The 2012 Denver Film Critics Society (DFCS) votes are in for the Best Films of 2011, and Terrence Malick's "The Tree of Life" was top dog. "The Tree of Life" has raked in a number of film critics awards, in addition to winning the Palme d'Or at the 64th Cannes Film Festival. The Denver Film Critics Society also had a tied vote for Best Director, going to Malick and director of "The Artist" Michel Hazanavicius.
How does the DFCS fare in predicting Oscar winners? Last year, the DFCS awarded "The Social Network" Best Picture and Best Director, but it was "The King's Speech" that took the Oscar, but Denver critics nailed the Acting categories.
DFCS co-director Christian Toto said, "The 2011 film lineup may have lacked that awards-sweeping entry, but the breadth of films spoke to the vision of the modern filmmaker. Many of the categories were won by a single vote."
While Brad Pitt starred in "The Tree of Life," it was for his role as Billy Beane in "Moneyball" that he was given the DFCS Best Actor award. The Best Actress award was a tough pick, but the votes ended up in Meryl Streep's corner for her role as Margaret Thatcher in "The Iron Lady."
In the Best Foreign-Language Film category the award went to Asghar Farhadi's Iranian film "A Separation." Farhadi was up against foreign heavy hitters "The Skin I Live In" from Spain's Pedro Almodóvar and "The Flowers of War" from China's Zhang Yimou.
Of course, with an award from critics, most voters coming from a newspaper background, it's no surprise that Andrew Rossi's "Page One: Inside the New York Times" got Best Documentary. It's a probing documentary that looks at the dying breed of print journalism.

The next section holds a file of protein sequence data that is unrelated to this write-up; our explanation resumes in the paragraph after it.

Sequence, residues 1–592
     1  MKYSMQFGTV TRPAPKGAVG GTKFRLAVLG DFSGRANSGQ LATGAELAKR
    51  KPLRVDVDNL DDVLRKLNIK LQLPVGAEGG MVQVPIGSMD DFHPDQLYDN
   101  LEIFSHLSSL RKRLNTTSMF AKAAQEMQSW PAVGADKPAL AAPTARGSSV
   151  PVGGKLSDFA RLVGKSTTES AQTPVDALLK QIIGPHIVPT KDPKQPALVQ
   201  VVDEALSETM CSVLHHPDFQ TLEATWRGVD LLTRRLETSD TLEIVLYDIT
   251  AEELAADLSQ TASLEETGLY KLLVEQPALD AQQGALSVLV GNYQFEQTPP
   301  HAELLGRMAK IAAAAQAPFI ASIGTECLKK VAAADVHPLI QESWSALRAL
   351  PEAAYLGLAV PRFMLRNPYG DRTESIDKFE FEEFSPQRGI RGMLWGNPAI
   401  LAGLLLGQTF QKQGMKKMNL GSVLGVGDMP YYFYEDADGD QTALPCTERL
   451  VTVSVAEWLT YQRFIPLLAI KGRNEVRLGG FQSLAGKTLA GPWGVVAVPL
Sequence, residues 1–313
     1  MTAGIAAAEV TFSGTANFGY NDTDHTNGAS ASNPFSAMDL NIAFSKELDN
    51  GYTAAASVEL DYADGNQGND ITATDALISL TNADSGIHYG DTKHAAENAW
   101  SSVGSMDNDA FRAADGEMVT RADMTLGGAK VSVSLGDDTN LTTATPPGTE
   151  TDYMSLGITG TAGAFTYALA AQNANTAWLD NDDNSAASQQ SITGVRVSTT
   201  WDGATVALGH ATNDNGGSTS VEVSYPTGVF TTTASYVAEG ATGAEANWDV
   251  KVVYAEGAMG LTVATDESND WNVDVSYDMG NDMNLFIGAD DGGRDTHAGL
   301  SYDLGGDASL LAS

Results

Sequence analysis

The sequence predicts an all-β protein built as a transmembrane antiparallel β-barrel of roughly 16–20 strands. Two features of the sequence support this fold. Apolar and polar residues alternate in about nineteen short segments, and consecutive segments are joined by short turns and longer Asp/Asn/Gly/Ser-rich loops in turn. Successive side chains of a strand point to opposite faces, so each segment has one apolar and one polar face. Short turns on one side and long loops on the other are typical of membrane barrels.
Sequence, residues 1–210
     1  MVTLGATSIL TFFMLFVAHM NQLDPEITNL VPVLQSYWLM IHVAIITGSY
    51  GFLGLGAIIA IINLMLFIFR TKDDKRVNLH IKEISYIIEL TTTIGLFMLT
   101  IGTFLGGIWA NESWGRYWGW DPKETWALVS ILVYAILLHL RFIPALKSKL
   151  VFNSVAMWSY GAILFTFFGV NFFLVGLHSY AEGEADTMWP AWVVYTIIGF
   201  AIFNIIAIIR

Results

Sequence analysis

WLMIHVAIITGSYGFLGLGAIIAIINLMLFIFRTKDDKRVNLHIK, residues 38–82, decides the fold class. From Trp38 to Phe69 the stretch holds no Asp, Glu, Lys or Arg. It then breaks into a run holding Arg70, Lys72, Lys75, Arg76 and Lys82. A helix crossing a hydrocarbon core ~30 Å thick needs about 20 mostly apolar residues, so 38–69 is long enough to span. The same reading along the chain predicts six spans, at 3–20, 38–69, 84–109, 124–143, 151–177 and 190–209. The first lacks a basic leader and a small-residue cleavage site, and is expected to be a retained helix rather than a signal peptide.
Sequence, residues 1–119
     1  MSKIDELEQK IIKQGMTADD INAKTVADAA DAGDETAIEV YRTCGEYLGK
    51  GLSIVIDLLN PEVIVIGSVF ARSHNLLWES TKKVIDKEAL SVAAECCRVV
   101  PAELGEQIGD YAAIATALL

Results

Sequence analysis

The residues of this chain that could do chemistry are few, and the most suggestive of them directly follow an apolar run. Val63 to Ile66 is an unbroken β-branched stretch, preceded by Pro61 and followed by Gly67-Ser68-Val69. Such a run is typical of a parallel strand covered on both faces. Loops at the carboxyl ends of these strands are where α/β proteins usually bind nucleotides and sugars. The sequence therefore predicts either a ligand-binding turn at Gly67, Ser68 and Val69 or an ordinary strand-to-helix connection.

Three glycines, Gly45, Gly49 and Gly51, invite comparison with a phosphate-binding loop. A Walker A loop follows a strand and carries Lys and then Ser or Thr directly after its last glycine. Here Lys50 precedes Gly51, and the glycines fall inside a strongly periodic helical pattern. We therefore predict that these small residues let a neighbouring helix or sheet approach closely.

The award for Best Breakout Star went to wunderkind Jessica Chastain, who's been busy wowing audiences in 2011. There was her role in "The Tree of Life," where a cosmic unraveling churned just below a mother's surface. Chastain also gained acclaim for her powerful performance as the young Israeli spy in "The Debt" and as a mother in "Take Shelter" dealing with a cosmic unraveling of her own, namely her hallucinating husband.
Ludovic Bource's music for "The Artist" took the Best Original Score award, with its homage to classic film scores. It's no surprise really, as the score was so essential to a silent film, and much of the rousing emotions came from Bource's compositional finesse.
It was a big year for ensemble casts, as studios rely more on bankable casts than traditional star-led vehicles. The DFCS award for Best Ensemble Cast went to Alexander Payne's dramatic comedy "The Descendants." Payne was nominated for Best Director, but more so shared the award for Best Screenplay with Nat Faxon and Jim Rash.
20-year-old star Shailene Woodley was awarded Best Supporting Actress for her role in "The Descendants" as well. The well-deserved award for Best Supporting Actor went to Christopher Plummer for his over-hill, out-of-the-closet dad in "Beginners."
Gore Verbinski's "Rango" won Best Animated Film over Spielberg's "The Adventures of Tintin." Perhaps because Spielberg relies on motion capture technology and "Rango's" computer animation is, oddly enough, more traditional. Yet, Verbinski's first animated production is certainly a film-lover's movie, with hilarious references to "A Fistful of Dollars," "Chinatown," and "Fear and Loathing in Las Vegas."
Voting members of the Denver Film Critics Society include Keith Breese, Robert Denerstein, Brandon Fibbs, Kirk Montgomery, Elisabeth Rappe, Mark Sells, Dave Taylor, Christian Toto, and Barry Wurst.
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